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Shutterstock picks up Giphy for $53 million after UK blocks Meta’s acquisition

Shutterstock picks up Giphy for $53 million after UK blocks Meta’s acquisition


Meta will sell the platform for just $53 million, a sharp discount versus the hundreds of millions it reportedly acquired Giphy for.

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Giphy logo on black background.
Image: Giphy

Shutterstock is buying Giphy for $53 million after Meta’s acquisition of the popular GIF platform was blocked by the UK’s competition regulator, the stock image giant has announced.

That price represents a steep discount compared to what Meta (then Facebook) reportedly agreed to pay for Giphy in 2020. At the time, Axios reported the deal was worth around $400 million, while The Guardian suggests closer to $315 million. Either way, a $53 million price tag is a bargain versus Giphy’s peak valuation of around $600 million in 2016. As part of the deal, Meta will retain access to Giphy’s library across its products.

Meta’s acquisition of Giphy ran into trouble when the UK’s competition regulator, the Competition and Markets Authority (CMA), ordered Facebook’s parent company to unwind the deal in 2021. The CMA argued that the deal could harm competition by increasing Meta’s market power, potentially allowing it to block its rival’s access to GIFs or force them to hand over valuable user data in exchange for them. Although it appealed the ruling, Meta eventually agreed to sell Giphy last year.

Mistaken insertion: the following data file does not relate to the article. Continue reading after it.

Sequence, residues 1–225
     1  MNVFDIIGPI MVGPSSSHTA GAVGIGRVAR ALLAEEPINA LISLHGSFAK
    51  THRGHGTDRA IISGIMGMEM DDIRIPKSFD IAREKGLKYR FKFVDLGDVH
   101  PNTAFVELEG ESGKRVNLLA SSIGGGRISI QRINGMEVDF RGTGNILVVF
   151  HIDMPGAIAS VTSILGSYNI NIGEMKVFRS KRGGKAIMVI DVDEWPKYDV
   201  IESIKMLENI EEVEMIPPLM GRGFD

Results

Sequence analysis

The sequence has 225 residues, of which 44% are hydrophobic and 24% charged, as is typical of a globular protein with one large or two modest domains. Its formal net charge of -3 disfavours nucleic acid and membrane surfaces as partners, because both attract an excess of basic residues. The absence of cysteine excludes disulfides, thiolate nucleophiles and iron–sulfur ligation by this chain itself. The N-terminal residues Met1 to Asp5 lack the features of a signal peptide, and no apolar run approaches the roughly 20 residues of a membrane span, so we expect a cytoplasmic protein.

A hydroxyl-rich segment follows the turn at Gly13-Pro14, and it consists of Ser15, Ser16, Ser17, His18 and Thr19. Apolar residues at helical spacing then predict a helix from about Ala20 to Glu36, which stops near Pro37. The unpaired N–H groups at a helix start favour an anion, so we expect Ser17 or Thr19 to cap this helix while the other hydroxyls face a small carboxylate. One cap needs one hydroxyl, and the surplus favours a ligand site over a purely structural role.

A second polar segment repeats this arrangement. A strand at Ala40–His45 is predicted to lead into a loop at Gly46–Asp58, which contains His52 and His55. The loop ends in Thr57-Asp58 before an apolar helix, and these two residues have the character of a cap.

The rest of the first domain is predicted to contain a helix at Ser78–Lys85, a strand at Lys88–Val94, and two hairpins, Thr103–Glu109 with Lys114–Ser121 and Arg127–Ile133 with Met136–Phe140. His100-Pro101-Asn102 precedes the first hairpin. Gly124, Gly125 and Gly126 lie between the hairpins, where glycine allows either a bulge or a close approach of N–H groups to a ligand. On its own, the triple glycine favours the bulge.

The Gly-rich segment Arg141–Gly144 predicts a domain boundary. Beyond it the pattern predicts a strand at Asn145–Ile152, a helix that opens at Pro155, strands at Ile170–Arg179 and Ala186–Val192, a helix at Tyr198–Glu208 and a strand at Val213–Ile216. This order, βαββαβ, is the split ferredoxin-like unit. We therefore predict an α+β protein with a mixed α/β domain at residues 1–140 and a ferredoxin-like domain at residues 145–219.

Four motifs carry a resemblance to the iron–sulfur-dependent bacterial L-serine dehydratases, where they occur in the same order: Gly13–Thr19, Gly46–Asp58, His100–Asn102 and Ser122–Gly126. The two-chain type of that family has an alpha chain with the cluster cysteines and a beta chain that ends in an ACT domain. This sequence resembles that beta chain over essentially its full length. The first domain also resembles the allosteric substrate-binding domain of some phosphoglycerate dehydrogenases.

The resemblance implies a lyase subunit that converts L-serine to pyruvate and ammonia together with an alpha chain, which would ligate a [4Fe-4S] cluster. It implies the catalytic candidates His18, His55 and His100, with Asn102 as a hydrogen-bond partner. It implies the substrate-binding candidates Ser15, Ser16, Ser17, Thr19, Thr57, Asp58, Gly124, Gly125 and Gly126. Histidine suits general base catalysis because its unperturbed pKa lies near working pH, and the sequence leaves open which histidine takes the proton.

For Shutterstock, the deal will augment its content library, expanding it to include GIFs and Stickers. The company also said it would help its “generative AI and metadata strategy.” That’s a bit more vague, but Shutterstock is currently using generative AI to provide imagery to its customers. Acquiring Giphy’s substantial library could theoretically give Shutterstock reams of training data for future AI-based products.

“Through the Giphy acquisition, we are extending our audience touch points beyond primarily professional marketing and advertising use cases and expanding into casual conversations,” Shutterstock CEO Paul Hennessy said in a statement. “We plan to leverage Shutterstock’s unique capabilities in content and metadata monetization, generative AI, studio production and creative automation to enable the commercialization of our GIF library as we roll this offering out to customers.”

Meta’s purchase of Giphy is one of two high-profile acquisitions the CMA has recently opposed. Earlier this year, it decided against allowing Microsoft to acquire Activision Blizzard on the grounds that it could harm competition in the nascent cloud gaming market. Microsoft said it will appeal the decision.

In its press release, Shutterstock says that Giphy’s platform currently boasts 1.7 billion daily users, 15 billion daily media impressions, and 1.3 billion daily search queries. As well as viewing GIFs directly via its site and apps, Giphy’s library also integrates into a host of other services, including Instagram, Facebook, WhatsApp, TikTok, Twitter, Slack, and Discord via over 14,000 API / SDK integrations.